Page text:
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14 July 2004 @ 12:47 am
Birches, by Robert Frost  
When I see birches bend to left and right
Across the lines of straighter darker trees,
I like to think some boy’s been swinging them.
But swinging doesn’t bend them down to stay.
Ice-storms do that. Often you must have seen them
Loaded with ice a sunny winter morning
After a rain. They click upon themselves
As the breeze rises, and turn many-colored
As the stir cracks and crazes their enamel.
Soon the sun’s warmth makes them shed crystal shells
Shattering and avalanching on the snow-crust—
Such heaps of broken glass to sweep away
You’d think the inner dome of heaven had fallen.
They are dragged to the withered bracken by the load,
And they seem not to break; though once they are bowed
So low for long, they never right themselves:
You may see their trunks arching in the woods
Years afterwards, trailing their leaves on the ground
Like girls on hands and knees that throw their hair
Before them over their heads to dry in the sun.
But I was going to say when Truth broke in
With all her matter-of-fact about the ice-storm
(Now am I free to be poetical?)
I should prefer to have some boy bend them
As he went out and in to fetch the cows—
Some boy too far from town to learn baseball,
Whose only play was what he found himself,
Summer or winter, and could play alone.
One by one he subdued his father’s trees
By riding them down over and over again
Until he took the stiffness out of them,
And not one but hung limp, not one was left
For him to conquer. He learned all there was
To learn about not launching out too soon
And so not carrying the tree away
Clear to the ground. He always kept his poise
To the top branches, climbing carefully
With the same pains you use to fill a cup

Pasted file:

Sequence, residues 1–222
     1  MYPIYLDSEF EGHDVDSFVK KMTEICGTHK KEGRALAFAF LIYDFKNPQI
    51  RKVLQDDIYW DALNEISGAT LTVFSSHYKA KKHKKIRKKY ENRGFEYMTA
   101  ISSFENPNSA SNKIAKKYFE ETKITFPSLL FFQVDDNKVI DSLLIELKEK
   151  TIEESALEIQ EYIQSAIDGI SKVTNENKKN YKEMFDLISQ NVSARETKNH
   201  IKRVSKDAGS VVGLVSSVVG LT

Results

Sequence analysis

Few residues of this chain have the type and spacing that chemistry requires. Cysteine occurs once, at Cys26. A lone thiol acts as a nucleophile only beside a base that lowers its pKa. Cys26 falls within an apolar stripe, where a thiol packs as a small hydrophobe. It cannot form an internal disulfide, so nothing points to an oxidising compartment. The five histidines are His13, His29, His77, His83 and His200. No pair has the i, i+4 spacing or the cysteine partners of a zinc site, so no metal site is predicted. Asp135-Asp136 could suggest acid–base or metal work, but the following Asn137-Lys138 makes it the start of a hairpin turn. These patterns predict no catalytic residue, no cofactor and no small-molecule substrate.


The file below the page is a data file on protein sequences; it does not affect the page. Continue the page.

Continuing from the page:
Up to the brim, and even above the brim.
Then he flung outward, feet first, with a swish,
Kicking his way down through the air to the ground.
So was I once myself a swinger of birches.
And so I dream of going back to be.
It’s when I’m weary of considerations,
And life is too much like a pathless wood
Where your face burns and tickles with the cobwebs
Broken across it, and one eye is weeping
From a twig’s having lashed across it open.
I’d like to get away from earth awhile
And then come back to it and begin over.
May no fate willfully misunderstand me
And half grant what I wish and snatch me away
Not to return. Earth’s the right place for love:
I don’t know where it’s likely to go better.
I’d like to go by climbing a birch tree,
And climb black branches up a snow-white trunk
Toward heaven, till the tree could bear no more,
But dipped its top and set me down again.
That would be good both going and coming back.
One could do worse than be a swinger of birches.

Robert Frost (1874–1963), Mountain Interval, 1920.
 
 
 
gigawatz on July 14th, 2004 05:03 pm (UTC)
Robert Frost is an ass.
Victoriabikutoria on July 14th, 2004 05:36 pm (UTC)
Who did Bishop quote from in your yearbook?
gigawatz on July 15th, 2004 04:20 am (UTC)
Frost is a poetical tyrant, he was once quoted saying that writing free verse poetry is like playing tennis wihtout a net. The man was some sort of self made elitist who was later boughten by hallmark for their evil schemes of dominating the greeting card industry by making new holidays to push sales. Secretaries Day? Where the hell did that come from? A holiday that rewards workers for doing their jobs? Please! Thats like having a sanitation management engineers day. The card could read like this, "thanks for picking up my trash, I hope the sex creams never gave you a rash." There Frost, that was a couplet. What did you think? I like it very much I may as well copywrite it and send it to Hallmark along with an invoice.
And as for my yearbook, I'll have to get back with you on that.
Victoriabikutoria on July 15th, 2004 05:52 am (UTC)
*blink*
I didn't rise to the bait, yet you ranted anyway. Dude, I'm so impressed. Go David!

Have you not yet had your morning caffeine (or maybe too much?), or should I remember that Frost is someone that will guarantee ticking you off in the future?
Pitten \\ Chaotic Serenitywrongly_amused on July 15th, 2004 11:47 am (UTC)
S'nice poem. I always liked Robert Frost, though I'm gonna go all stereotypical on you and say "The Road Not Taken" is my favorite. Or "Stopping by Woods on a Snowy Evening." Such a lovely flow those poems have. ^_^